One of the most egregious outcomes of marijuana prohibition is that many sick people cannot legally access the medicine that works best for them. For many seriously ill people, medical marijuana is the only medicine that relieves their pain and suffering, or treats symptoms of their medical condition, without debilitating side effects.
Marijuana has been shown to alleviate symptoms of a huge variety of serious medical conditions including cancer, AIDS, and glaucoma, and is often an effective alternative to synthetic painkillers.
Medical Marijuana Access and Research
Twenty-four states and the District of Columbia have passed medical marijuana laws legalizing the use and production of medical marijuana for qualifying patients under state law. However, the medical use of marijuana remains illegal under federal law, and patients in the remaining states are without any legal access at all. Even in states where medical marijuana laws exist, patients and providers are vulnerable to arrest and interference from federal law enforcement.
Marijuana prohibition has also thwarted research within the United States to uncover the best and most effective uses for marijuana as a medicine, making efforts to reform medical marijuana laws particularly difficult.
DPA played a primary role in the passage of medical marijuana laws in nine states, starting with California’s Proposition 215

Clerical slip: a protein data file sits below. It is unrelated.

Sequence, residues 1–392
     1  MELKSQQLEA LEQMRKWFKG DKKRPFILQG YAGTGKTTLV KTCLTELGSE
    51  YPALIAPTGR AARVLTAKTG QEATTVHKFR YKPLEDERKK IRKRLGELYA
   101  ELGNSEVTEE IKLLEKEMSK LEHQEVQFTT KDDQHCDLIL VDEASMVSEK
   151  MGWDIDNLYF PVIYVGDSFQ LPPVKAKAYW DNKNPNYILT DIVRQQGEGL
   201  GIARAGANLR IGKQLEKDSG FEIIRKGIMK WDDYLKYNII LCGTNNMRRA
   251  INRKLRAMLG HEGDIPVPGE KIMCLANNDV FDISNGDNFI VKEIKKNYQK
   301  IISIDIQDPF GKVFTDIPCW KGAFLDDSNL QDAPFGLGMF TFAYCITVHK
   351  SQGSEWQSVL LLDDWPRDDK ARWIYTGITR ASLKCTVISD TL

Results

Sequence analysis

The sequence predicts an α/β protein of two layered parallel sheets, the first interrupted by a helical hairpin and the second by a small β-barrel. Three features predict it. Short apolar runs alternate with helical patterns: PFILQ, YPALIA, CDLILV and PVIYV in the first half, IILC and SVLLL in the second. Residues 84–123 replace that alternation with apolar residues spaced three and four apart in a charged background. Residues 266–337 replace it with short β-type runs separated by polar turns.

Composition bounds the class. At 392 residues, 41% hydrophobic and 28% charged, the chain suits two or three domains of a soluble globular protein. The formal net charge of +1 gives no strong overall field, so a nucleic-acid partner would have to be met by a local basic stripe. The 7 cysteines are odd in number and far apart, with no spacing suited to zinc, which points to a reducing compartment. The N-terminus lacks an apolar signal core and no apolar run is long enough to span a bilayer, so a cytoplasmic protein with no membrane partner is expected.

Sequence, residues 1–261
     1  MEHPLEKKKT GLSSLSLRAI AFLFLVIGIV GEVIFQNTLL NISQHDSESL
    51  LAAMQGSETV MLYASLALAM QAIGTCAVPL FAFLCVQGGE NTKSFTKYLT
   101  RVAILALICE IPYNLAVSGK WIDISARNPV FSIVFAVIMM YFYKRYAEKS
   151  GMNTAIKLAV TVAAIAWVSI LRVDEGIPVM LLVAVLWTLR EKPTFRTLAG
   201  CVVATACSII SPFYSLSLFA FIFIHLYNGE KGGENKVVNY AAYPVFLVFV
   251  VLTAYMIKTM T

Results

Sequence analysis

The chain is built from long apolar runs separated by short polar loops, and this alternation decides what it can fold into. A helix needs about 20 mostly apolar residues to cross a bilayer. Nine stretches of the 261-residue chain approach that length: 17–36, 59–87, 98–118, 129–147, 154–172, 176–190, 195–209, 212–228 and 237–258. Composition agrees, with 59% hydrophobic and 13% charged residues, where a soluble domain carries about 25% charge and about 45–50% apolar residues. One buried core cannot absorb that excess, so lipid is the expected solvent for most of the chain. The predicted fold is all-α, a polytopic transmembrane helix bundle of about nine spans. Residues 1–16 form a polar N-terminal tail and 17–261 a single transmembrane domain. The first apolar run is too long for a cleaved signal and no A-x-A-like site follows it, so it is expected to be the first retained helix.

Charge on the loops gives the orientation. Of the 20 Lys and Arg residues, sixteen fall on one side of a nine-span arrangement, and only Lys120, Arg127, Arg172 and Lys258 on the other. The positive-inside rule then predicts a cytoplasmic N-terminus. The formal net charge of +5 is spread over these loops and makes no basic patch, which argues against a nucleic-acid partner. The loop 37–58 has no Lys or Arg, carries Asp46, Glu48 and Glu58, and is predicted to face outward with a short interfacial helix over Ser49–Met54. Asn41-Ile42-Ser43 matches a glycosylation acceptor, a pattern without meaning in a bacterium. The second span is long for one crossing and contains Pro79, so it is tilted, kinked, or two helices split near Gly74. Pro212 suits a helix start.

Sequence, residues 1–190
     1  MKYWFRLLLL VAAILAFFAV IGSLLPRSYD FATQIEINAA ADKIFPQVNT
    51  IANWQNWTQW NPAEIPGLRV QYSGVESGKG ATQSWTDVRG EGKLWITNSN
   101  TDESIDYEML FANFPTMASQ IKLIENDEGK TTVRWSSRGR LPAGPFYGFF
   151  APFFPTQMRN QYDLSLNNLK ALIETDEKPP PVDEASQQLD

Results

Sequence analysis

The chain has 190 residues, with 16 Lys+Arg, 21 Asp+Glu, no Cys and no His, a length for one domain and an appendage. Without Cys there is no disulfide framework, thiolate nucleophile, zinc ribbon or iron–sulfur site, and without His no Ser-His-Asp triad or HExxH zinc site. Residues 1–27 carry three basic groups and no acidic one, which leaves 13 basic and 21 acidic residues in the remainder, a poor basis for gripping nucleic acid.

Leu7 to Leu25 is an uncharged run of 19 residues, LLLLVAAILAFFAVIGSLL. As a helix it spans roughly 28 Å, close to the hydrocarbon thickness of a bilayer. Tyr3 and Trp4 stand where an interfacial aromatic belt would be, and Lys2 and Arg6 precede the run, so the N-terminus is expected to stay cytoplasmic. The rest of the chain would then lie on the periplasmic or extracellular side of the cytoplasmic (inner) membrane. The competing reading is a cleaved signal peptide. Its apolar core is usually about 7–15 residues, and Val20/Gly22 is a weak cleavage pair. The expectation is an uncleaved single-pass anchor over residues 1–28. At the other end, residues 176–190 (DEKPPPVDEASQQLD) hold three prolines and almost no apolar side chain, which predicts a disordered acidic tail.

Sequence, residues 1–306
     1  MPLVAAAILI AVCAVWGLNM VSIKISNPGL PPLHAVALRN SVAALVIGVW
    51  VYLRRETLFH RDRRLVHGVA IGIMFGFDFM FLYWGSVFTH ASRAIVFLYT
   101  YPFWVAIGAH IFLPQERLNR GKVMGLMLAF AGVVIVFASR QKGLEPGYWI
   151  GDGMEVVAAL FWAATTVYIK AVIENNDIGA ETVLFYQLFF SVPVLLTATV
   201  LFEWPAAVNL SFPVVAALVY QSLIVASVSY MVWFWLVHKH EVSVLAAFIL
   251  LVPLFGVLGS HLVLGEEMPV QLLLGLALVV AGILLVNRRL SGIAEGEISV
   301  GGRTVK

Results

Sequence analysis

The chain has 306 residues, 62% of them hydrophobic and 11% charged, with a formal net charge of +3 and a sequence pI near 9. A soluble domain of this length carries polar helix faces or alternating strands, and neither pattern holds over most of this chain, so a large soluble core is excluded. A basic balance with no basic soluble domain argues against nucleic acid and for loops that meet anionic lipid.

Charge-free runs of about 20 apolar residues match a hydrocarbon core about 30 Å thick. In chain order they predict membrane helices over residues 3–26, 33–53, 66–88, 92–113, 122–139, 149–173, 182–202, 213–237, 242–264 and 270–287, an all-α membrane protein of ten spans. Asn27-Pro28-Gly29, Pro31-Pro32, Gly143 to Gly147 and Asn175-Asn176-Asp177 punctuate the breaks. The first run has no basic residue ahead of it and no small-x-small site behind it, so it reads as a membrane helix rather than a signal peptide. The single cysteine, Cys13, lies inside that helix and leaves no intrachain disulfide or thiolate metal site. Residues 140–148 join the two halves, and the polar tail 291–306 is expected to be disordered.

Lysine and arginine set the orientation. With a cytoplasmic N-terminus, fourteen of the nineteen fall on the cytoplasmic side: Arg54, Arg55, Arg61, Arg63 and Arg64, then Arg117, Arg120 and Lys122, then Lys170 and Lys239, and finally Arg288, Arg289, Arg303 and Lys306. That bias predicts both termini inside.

in 1996. We seek to implement medical marijuana programs in additional states and to expand existing programs to better protect patients’ rights and to improve patient access to their medicine.
The Drug Policy Alliance is committed to increasing the number of states with medical marijuana laws, supporting and improving existing state medical marijuana programs, protecting medical marijuana patients, and ending the federal ban on medical marijuana
so that all patients within the United States have safe access to quality medicine and research into marijuana’s medicinal benefits can move forward.
Dozens of Patients, Caregivers, and Healthcare Providers from Across New York Come to Albany to Attend Hearing, Demand Passage of the Bill
Patients and Caregivers Available for Interviews
Rapidly Building Republican Support for Bi-Partisan Bill Comes as Republican Senator Phil Boyle Introduces Inadequate Measure
Patients, Families and Advocates Respond: Good that Boyle Supports Medical Marijuana; Now He Can Support Patients by Endorsing the Compassionate Care Act